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Industries thrive when there is just one standard to adopt. E-mail has become much more pervasive because of the SMTP protocol; the video industry grew quickly because VHS won out over beta; IBM dominated the PC industry in the 1980s because only 20% or so of its architecture was proprietary; Warner's and Wal-Mart's decision to go exclusively with Blu-Ray effectively killed HD DVD, paving the way for more rapid growth of the high-def video format.
While instant messaging is popular and pervasive in the corporate world, its growth has not been as robust as many expected it to be even just a few years ago. In my opinion, this is due far less to the utility of instant messaging and much more to the fact that there has never been a single, dominant standard that would make competing instant messaging compatible. While there are tools like Trillian for Windows, AdiumX for the Mac, Meebo on the Web and various federated systems that allow users of competing systems to talk with one another, standards-based communications is almost always a more effective solution to growing an industry.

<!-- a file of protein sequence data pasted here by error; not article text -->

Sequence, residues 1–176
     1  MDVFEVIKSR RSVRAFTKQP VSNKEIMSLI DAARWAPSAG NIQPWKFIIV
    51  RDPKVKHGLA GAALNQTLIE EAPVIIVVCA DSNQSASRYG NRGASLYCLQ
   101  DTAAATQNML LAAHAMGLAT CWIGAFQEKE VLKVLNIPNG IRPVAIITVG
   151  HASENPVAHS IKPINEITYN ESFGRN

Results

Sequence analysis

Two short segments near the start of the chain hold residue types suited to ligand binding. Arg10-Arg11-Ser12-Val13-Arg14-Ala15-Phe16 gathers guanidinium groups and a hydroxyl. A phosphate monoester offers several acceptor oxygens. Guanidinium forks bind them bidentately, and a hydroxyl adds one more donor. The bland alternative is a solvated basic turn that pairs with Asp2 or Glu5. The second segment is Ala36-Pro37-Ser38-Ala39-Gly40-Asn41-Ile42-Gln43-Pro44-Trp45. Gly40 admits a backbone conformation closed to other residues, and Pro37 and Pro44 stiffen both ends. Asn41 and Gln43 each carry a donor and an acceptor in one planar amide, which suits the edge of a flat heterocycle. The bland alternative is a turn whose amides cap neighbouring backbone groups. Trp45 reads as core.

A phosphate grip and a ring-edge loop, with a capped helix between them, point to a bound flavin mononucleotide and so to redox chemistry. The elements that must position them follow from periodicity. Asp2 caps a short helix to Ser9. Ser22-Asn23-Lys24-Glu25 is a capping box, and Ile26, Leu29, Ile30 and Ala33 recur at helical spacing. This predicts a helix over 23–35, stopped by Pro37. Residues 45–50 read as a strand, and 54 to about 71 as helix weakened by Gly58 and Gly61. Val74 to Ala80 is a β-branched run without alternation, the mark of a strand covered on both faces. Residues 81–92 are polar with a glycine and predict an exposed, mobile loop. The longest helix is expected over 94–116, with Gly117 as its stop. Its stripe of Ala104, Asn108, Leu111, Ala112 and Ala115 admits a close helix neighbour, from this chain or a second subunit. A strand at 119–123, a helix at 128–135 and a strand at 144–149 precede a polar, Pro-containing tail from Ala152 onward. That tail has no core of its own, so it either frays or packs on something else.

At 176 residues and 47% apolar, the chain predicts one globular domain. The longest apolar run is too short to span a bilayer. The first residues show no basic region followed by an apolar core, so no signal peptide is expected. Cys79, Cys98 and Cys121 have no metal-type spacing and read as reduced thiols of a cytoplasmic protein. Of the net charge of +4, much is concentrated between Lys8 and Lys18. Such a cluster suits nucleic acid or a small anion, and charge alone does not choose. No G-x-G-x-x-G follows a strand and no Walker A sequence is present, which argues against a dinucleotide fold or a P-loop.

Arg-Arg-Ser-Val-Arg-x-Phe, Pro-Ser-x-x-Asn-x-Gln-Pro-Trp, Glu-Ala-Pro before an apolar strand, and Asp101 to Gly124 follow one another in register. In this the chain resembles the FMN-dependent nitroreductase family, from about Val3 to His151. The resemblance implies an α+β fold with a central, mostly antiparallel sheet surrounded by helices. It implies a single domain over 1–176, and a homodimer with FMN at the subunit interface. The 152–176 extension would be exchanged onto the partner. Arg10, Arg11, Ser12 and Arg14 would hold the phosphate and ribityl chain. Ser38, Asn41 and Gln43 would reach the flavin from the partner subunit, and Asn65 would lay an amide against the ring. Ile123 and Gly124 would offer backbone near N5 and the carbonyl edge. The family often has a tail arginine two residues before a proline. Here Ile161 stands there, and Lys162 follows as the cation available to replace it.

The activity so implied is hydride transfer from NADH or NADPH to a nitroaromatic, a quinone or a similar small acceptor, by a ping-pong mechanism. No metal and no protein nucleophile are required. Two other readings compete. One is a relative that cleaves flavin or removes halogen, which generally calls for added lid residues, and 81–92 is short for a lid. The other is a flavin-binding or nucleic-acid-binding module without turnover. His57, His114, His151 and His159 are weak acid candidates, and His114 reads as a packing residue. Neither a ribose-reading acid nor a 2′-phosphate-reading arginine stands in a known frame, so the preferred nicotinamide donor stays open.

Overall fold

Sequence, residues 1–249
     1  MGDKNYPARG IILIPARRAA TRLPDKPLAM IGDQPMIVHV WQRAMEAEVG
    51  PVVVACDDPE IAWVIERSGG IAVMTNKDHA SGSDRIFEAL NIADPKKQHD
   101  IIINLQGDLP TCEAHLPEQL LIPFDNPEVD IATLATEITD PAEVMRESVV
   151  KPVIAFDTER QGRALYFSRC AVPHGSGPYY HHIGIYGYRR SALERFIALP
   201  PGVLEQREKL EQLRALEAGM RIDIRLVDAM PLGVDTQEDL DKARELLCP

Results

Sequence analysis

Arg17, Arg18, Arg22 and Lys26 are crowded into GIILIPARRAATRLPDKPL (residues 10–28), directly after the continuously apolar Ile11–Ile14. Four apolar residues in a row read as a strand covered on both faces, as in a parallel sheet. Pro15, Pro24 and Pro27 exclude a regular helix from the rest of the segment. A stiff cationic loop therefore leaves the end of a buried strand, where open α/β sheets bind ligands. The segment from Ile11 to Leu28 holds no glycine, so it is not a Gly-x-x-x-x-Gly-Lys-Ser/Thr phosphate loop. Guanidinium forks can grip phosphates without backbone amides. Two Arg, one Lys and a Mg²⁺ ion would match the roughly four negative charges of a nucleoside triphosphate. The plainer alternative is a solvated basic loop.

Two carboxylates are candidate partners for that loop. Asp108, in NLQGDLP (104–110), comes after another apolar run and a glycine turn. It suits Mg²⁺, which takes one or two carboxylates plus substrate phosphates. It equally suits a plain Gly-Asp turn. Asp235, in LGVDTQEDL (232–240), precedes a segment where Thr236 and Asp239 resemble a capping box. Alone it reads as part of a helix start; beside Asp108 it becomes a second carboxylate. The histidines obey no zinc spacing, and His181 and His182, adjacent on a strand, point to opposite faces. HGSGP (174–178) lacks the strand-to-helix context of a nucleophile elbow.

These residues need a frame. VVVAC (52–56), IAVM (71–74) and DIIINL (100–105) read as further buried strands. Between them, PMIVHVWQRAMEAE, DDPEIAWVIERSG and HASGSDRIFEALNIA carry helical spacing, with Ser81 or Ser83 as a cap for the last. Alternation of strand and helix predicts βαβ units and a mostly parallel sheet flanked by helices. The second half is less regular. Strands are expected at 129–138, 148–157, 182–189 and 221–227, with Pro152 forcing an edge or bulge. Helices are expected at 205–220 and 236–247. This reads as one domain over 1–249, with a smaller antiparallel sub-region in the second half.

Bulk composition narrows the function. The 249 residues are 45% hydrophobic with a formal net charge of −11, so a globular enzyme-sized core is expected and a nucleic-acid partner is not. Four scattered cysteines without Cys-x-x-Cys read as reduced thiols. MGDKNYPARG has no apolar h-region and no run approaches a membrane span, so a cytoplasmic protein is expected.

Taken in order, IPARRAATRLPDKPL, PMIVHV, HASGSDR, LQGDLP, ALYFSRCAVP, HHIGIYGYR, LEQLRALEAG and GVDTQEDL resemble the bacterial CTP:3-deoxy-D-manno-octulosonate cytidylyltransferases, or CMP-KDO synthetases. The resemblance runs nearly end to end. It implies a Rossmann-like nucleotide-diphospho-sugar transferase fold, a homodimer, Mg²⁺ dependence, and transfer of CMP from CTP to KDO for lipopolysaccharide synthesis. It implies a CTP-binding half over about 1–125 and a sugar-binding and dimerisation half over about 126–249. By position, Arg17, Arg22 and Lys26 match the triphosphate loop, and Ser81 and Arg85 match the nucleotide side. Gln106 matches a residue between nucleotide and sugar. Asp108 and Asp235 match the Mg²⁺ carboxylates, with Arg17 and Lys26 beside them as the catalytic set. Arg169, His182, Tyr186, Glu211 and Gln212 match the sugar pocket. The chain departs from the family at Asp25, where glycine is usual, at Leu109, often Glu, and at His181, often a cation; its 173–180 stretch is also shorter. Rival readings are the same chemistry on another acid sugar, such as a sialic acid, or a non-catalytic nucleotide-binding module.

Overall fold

The two major standards in the world of real-time communications are Extensible Messaging and Presence Protocol (XMPP) and Session Initiation Protocol (SIP). While there have been debates over the merits of both protocols, one of them emerging as the clear winner would very likely accelerate the instant messaging industry. Among vendors that support XMPP are Google, Jabber and Apple. Vendors supporting SIP include Microsoft, IBM, Avaya, Cisco and Nortel. Lots of other vendors support either or both standards. Yahoo seems to be leaning toward XMPP.
Clearly, eliminating one standard (which I am not advocating) would help to grow the instant messaging and real-time communications industry substantially.
I’d like to get your thoughts on this, both from the standpoint of which standard you hope prevails, as well as on the utility of instant messaging for your organization. Please send me an e-mail with your thoughts.
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